Words Of Love - The Beatles

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The Beatles

Words Of Love (1964)

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Written and recorded by Buddy Holly in 1957, despite the admiration all four Beatles had for his music and Holly’s significant influence on their early signature sound, “Words Of Love” was the only song of his they would release.

McCartney comments in the documentary Anthology:

“Buddy Holly was completely different; he  introduced us to the country music scene. I still like Buddy's vocal style. And his writing. One of the main things about The Beatles is that we started out writing our own material. People these days take it for granted that you do, but nobody used to then. John and I started to write because of Buddy Holly. It was like, 'Wow! He writes and is a musician.”

They recorded “Words of Love” in just two takes, along with a vocal overdub. Ringo Starr played a suitcase along with his drums, in homage to Jerry Allison's performance on Holly's “Everyday.”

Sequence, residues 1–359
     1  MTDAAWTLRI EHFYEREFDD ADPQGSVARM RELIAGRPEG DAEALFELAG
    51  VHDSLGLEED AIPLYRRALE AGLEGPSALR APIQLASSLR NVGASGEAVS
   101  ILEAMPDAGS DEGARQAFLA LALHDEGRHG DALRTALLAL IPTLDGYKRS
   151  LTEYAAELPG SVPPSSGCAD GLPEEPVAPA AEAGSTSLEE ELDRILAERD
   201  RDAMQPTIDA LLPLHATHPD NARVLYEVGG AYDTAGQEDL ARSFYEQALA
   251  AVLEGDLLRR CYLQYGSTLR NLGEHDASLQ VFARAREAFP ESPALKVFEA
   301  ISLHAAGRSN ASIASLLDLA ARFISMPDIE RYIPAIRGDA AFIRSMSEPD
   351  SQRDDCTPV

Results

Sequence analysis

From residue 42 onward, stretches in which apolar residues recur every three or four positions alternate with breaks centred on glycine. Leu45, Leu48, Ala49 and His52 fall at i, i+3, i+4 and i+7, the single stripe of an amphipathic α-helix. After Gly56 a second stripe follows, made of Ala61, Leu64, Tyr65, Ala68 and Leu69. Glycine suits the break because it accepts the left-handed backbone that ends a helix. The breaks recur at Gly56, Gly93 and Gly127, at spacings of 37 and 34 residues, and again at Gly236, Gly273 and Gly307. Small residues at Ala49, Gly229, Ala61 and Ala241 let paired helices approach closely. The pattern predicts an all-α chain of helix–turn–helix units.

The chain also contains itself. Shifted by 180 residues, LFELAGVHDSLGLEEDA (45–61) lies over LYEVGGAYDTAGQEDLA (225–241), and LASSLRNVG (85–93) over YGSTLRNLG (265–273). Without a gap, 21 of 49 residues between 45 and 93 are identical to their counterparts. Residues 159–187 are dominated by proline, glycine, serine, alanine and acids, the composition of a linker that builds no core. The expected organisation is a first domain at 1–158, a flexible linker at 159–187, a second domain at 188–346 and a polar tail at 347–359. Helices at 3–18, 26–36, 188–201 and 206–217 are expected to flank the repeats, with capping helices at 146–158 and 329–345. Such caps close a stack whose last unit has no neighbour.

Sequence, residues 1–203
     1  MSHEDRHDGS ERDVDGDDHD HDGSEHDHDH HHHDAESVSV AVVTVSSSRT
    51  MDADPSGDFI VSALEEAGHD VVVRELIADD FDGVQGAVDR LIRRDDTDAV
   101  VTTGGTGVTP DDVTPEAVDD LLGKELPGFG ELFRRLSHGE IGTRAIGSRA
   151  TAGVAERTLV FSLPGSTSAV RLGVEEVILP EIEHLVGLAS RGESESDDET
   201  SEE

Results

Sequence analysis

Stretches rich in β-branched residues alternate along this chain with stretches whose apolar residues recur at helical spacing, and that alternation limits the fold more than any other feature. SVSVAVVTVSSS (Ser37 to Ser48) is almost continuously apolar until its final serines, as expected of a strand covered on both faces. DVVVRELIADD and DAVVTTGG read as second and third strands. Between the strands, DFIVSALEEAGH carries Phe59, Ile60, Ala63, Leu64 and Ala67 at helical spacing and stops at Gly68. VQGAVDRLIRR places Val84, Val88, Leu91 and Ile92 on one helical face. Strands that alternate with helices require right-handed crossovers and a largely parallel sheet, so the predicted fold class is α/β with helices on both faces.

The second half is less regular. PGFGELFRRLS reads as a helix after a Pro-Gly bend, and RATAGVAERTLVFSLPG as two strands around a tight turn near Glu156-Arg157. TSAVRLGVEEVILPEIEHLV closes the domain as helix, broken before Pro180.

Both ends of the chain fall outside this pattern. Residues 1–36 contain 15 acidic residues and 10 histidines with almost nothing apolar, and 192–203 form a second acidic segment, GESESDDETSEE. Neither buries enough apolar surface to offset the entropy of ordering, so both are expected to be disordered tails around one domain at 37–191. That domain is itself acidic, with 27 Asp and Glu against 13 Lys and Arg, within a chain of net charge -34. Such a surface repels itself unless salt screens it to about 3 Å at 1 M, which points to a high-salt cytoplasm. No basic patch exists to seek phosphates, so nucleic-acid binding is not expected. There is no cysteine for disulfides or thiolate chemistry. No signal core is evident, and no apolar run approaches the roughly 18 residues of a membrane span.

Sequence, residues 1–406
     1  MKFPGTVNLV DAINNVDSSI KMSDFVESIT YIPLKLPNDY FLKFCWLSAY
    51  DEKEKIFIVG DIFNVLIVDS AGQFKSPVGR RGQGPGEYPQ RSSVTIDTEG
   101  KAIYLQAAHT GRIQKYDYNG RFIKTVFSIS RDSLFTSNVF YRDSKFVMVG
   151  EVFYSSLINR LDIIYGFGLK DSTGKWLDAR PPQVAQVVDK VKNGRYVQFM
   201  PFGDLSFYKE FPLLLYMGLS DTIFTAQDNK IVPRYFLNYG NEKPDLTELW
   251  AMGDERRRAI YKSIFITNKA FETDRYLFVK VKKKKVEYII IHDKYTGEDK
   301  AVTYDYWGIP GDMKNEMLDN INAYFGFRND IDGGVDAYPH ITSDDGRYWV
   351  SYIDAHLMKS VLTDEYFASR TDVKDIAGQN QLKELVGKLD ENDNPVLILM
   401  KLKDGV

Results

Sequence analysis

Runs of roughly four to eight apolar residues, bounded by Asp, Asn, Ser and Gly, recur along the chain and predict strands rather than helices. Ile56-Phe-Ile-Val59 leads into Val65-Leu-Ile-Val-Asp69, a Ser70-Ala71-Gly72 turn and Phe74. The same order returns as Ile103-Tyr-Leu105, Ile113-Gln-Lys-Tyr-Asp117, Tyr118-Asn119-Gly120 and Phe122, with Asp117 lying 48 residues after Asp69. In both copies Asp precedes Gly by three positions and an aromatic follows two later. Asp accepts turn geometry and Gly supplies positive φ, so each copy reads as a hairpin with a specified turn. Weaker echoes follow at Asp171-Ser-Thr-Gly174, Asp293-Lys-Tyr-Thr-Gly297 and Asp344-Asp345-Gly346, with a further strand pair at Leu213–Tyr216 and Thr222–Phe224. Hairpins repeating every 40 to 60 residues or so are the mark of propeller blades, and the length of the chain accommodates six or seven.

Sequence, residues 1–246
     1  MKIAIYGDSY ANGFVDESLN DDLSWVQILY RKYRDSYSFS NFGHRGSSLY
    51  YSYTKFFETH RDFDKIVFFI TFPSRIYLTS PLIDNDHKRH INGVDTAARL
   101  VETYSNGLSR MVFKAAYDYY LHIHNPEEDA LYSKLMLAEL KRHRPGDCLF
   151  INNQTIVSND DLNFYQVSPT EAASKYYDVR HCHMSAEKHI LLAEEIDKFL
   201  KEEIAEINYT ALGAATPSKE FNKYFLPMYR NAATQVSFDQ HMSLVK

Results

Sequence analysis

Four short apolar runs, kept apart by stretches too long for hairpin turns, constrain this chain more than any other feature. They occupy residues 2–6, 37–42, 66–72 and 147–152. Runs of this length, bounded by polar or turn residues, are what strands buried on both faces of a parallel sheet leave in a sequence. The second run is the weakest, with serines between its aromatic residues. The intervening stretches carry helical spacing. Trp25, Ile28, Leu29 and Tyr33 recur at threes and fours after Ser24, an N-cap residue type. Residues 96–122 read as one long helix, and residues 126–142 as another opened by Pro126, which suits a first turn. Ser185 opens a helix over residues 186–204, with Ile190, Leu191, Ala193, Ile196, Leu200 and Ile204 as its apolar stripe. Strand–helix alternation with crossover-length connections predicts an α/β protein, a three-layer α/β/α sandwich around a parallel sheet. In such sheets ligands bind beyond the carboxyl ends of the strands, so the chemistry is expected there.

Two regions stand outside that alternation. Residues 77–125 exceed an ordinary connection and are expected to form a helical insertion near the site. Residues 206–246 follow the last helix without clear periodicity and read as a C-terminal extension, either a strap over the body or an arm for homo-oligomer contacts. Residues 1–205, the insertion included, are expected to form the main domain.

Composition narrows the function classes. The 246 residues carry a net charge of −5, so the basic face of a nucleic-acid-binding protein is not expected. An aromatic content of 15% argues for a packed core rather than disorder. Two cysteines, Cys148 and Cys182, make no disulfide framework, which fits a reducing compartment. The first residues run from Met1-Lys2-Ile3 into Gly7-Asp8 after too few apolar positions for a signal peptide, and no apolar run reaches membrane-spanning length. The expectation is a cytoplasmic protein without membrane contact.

Russian music critic George Starostin wrote:

“That sure is the sweetest guitar tone ever to be heard from George Harrison's guitar.”

With its country overtones, handclaps, and very close (but not too close) harmony between John and Paul—the tone of the track is dreamy and calm despite the twang and jangle of the guitar riff.

In his essay American Styles in the Music of the Beatles, Charles Gower Price points out that in the Beatles' version of “Words of Love,” George Harrison closely duplicates the lead guitar line and timbre, while Lennon and McCartney effectively mimic The Everly Brothers' style of vocal harmony which Holly had overdubbed on the original.

Beatle scholar Alan Pollack adds:

“Buddy Holly’s original is a tad more Latin in its back-beat, but the choice of key, as well as much of the guitar work, is identical in both versions. But still, it remains essentially a sentimental and nostalgic Tribute To Buddy, rather than an outright imitation.”

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